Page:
Awarded to the ETF that has done the most to improve investor opportunities and outcomes in 2014, by opening new areas of the market, lowering costs, delivering new exposures or otherwise creating better options for investors. There is no requirement on when this fund launched.

Nominee No. 1: Global X GF China Bond (CHNB)

As the first ETF to provide access to China’s onshore bond interbank market, CHNB opened up the third-largest fixed-income market in the world. The fund pulled in nearly $50 million in investor flows in 2014, and offered investors the opportunity to access a relatively high-yielding asset with low credit risk.

Nominee No. 2: PIMCO 25+ Year Zero Coupon U.S. Treasury (ZROZ | C-57)
2014 was supposed to be a year of rising interest rates. Instead, rates plunged, and funds on the edge of the duration spectrum like ZROZ returned nearly 50 percent. As the longest-duration US-bond ETF, ZROZ was well positioned to ride 2014’s surprise rate drop. With a 0.15 percent annual expense ratio, ZROZ allows cheap, efficient access to the longest-term U.S. Treasuries.

Nominee No. 3: Vanguard Total International Bond (BNDX | B-57)
Vanguard broke new ground in the ETF world by offering the first global ex-U.S. broad-market bond fund. While other global-ex U.S. fixed-income funds cover parts of the bond universe—sovereigns or corporates—BNDX covers the entire non-USD investment-grade bond market. Vanguard’s choice to hedge BNDX’s currency exposure reduces the number of risk considerations for U.S.-based investors. At 20 basis points, the fund is very well priced, and quite efficiently run. The fund pulled in more than $2 billion in net inflows in 2014.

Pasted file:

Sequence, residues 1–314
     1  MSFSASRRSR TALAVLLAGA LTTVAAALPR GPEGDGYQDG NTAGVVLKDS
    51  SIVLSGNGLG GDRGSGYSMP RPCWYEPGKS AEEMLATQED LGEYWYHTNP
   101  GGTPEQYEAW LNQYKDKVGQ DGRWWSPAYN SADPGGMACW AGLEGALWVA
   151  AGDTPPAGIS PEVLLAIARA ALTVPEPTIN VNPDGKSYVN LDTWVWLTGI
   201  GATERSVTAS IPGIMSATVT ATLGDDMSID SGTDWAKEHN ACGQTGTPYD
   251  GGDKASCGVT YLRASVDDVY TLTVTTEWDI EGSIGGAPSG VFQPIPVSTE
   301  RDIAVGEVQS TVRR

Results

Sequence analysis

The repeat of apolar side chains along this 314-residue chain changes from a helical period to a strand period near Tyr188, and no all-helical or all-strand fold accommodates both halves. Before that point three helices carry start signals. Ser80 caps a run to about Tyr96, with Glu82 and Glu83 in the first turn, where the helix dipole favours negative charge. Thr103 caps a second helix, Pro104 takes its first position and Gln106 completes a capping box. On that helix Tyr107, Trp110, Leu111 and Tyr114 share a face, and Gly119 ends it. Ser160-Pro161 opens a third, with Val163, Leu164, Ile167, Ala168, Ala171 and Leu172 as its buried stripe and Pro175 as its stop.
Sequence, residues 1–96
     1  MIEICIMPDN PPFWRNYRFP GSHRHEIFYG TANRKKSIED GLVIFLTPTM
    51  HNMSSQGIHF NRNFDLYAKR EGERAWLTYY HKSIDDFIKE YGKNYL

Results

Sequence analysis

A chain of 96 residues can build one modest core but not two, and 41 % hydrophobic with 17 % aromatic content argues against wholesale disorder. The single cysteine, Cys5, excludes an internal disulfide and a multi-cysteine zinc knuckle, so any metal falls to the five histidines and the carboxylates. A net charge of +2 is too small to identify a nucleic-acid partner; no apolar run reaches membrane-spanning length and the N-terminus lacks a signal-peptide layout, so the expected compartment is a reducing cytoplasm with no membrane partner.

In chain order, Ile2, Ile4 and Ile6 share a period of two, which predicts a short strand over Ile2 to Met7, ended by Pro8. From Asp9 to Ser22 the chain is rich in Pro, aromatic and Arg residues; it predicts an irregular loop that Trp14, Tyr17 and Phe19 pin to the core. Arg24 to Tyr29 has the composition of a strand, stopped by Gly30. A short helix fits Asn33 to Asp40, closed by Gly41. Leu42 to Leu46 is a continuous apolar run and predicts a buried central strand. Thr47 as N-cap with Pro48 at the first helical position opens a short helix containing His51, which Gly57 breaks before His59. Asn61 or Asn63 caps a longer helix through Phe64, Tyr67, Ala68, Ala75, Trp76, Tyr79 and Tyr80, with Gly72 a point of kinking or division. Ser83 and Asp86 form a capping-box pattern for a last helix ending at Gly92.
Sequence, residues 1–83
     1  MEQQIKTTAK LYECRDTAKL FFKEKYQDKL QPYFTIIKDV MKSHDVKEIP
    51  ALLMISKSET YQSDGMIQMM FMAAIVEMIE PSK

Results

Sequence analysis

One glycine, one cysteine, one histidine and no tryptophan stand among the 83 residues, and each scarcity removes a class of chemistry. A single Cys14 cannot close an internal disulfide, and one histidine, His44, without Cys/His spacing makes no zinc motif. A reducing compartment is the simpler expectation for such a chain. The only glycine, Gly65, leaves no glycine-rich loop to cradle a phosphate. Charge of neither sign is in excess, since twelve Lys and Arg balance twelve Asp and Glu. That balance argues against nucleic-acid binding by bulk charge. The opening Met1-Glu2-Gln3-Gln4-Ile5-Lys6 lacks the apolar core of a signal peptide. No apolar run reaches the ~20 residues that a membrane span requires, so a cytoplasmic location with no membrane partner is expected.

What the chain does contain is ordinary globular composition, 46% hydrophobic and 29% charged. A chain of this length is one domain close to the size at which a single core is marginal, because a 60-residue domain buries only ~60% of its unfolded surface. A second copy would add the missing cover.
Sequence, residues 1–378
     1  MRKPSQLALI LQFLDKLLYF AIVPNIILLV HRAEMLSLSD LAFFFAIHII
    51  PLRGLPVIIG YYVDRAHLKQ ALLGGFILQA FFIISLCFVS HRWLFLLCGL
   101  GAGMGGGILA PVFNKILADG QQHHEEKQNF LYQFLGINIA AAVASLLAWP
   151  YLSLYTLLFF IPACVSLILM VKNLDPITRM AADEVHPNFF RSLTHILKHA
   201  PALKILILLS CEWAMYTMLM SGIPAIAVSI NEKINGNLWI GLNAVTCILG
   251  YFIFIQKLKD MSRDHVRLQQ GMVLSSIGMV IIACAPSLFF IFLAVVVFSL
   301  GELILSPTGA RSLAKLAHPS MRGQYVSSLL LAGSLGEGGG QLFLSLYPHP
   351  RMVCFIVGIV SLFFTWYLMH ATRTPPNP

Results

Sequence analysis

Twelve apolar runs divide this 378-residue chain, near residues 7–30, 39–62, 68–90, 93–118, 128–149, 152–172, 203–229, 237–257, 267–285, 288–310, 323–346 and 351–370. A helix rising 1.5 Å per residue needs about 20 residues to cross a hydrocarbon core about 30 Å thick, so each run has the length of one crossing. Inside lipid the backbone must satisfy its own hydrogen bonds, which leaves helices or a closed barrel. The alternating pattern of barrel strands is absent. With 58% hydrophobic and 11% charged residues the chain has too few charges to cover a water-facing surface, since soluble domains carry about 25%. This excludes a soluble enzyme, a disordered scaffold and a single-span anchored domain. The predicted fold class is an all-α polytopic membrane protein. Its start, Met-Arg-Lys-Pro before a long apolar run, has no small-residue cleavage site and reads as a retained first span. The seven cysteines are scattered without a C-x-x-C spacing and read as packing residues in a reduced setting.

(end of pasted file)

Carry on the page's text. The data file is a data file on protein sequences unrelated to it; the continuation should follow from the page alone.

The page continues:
Nominee No. 4: Vanguard Total Stock Market (VTI | A-100)
Among the 38 ETFs offering total U.S. stock market exposure, VTI stands out for best representation and exceptionally low costs. With nearly 3,700 constituents, VTI captures virtually the entire investable U.S. equity market. Better still, VTI actually costs less than its published expense ratio of 5 basis points, with an average actual tracking difference versus its index of just 2 bps. VTI covers the entire U.S. stock market, basically for free; it’s hard to argue with that.
Nominee No. 5: WisdomTree Europe Hedged Equity (HEDJ | B-48)
The only nonvanilla ETF to make the top 10 flows list in 2014, HEDJ has captured the attention (and dollars) of tactical investors looking to make a currency-hedged bet on eurozone equities. With the euro on the rocks, its ability to protect against falling currency meant it outperformed non-hedged European equity ETFs by 10-12 percent for the year. HEDJ attracted $4.9 billion of inflows in 2014.